Tell No One


Harlan Coben


In loving memory of my niece Gabi Coben


Our wonderful little Myszka…

Small said, "But what about when we are dead and gone, will you love me then, does love go on?"

Large held Small snug as they looked out at the night, at the moon in the dark and the stars shining bright. "Small, look at the stars, how they shine and glow, some of the stars died a long time ago. Still they shine in the evening skies, for you see, Small, love like starlight never dies…"

– Debi Gliori


Right then. Before we start, I'd like to introduce the band:

Editor extraordinaire Beth de Guzman, as well as Susan Corcoran, Sharon Lulek, Nita Taublib, Irwyn Applebaum, and the rest of the prime-time players at Bantam Dell

Lisa Erbach Vance and Aaron Priest, my agents

Anne Armstrong-Coben, M.D. Gene Riehl, Jeffrey Bedford, Gwendolen Gross, Jon Wood, Linda Fairstein, Maggie Griffin, and Nils Lofgren for their insight and encouragement

and Joel Gotler, who pushed and prodded and inspired


Elizabeth was quiet for our anniversary drive, but that was hardly unusual. Even as a young girl, she'd possessed this unpredictable melancholy streak. She'd go quiet and drift into either deep contemplation or a deep funk, I never knew which. Part of the mystery, I guess, but for the first time, I could feel the chasm between us. Our relationship had survived so much. I wondered if it could survive the truth. Or for that matter, the unspoken lies.

The car's air-conditioning whirred at the blue MAX setting. The day was hot and sticky. Classically August. We crossed the Delaware Water Gap at the Milford Bridge and were welcomed to Pennsylvania by a friendly toll collector. Ten miles later, I spotted the stone sign that read LAKE CHARMAINE – PRIVATE. I turned onto the dirt road.

The tires bore down, kicking up dust like an Arabian stampede. Elizabeth flipped off the car stereo. Out of the corner of my eye, I could tell that she was studying my profile. I wondered what she saw, and my heart started fluttering. Two deer nibbled on some leaves on our right. They stopped, looked at us, saw we meant no harm, went back to nibbling. I kept driving and then the lake rose before us. The sun was now in its death throes, bruising the sky a coiling purple and orange. The tops of the trees seemed to be on fire.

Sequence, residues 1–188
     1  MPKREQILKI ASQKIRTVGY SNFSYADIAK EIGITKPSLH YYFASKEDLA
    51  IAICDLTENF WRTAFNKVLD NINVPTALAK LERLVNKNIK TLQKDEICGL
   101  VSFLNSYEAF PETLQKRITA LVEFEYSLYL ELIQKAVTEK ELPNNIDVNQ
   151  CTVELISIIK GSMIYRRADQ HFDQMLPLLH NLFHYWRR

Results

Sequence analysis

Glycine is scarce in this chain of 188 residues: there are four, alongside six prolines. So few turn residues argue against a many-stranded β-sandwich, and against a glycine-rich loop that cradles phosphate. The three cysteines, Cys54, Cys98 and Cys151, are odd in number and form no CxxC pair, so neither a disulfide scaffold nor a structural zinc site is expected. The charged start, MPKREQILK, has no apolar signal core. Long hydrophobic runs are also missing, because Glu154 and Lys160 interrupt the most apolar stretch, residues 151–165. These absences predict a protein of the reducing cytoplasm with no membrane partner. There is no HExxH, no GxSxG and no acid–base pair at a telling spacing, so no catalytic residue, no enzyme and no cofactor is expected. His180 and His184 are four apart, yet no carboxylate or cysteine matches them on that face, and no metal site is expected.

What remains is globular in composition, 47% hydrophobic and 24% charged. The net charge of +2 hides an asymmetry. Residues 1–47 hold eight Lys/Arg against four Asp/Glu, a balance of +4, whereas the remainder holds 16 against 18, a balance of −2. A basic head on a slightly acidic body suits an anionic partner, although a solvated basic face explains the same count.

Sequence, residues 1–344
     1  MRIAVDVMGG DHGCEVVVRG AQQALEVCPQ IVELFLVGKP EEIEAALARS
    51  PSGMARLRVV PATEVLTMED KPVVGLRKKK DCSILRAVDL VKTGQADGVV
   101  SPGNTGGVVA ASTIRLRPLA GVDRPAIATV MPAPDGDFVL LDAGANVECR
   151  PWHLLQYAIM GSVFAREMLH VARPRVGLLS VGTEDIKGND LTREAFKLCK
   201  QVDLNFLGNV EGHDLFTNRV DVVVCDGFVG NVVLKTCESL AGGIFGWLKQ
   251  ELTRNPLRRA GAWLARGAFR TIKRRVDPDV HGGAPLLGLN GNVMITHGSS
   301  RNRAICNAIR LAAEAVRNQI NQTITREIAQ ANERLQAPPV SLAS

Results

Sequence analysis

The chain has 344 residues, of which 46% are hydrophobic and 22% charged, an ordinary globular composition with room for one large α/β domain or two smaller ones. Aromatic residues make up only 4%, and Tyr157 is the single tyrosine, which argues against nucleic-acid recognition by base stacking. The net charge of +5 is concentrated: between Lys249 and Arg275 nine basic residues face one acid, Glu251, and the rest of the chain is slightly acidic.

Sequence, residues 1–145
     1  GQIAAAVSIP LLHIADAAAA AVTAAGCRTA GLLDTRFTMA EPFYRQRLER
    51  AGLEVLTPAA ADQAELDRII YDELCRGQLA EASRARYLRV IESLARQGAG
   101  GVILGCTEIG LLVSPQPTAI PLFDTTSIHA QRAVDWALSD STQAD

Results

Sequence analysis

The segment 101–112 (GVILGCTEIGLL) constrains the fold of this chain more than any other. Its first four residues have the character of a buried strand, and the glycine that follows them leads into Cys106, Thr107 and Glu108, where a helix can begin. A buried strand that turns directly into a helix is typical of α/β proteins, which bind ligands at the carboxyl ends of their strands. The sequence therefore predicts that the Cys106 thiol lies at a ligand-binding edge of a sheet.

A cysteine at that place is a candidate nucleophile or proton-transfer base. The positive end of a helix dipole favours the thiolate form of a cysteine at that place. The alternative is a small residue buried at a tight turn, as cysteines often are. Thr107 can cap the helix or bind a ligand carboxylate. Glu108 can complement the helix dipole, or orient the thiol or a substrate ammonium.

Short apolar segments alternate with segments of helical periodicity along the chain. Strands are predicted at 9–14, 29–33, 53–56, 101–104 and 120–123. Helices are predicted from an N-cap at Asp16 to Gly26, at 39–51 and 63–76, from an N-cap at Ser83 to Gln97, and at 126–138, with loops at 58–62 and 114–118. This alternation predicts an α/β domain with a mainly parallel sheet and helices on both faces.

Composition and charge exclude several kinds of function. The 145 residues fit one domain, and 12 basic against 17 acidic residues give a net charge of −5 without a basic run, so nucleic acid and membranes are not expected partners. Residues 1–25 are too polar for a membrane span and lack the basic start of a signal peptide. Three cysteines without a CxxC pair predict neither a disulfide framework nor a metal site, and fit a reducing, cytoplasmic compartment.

"I can't believe we still do this," I said.

"You're the one who started it."

"Yeah, when I was twelve years old."

Elizabeth let the smile through. She didn't smile often, but when she did,

, right to my heart.

"It's romantic," she insisted.

"It's goofy."

"I love romance."

"You love goofy."

"You get laid whenever we do this."

"Call me Mr. Romance," I said.

She laughed and took my hand. "Come on, Mr. Romance, it's getting dark."

Lake Charmaine. My grandfather had come up with that name, which pissed off my grandmother to no end. She wanted it named for her. Her name was Bertha. Lake Bertha. Grandpa wouldn't hear it. Two points for Grandpa.

Some fifty-odd years ago, Lake Charmaine had been the site of a rich-kids summer camp. The owner had gone belly-up and Grandpa bought the entire lake and surrounding acreage on the cheap. He'd fixed up the camp director's house and tore down most of the lakefront buildings. But farther in the woods, where no one went anymore, he left the kids' bunks alone to rot. My sister, Linda, and I used to explore them, sifting through their ruins for old treasures, playing hide-and-seek, daring ourselves to seek the Boogeyman we were sure watched and waited. Elizabeth rarely joined us. She liked to know where everything was. Hiding scared her.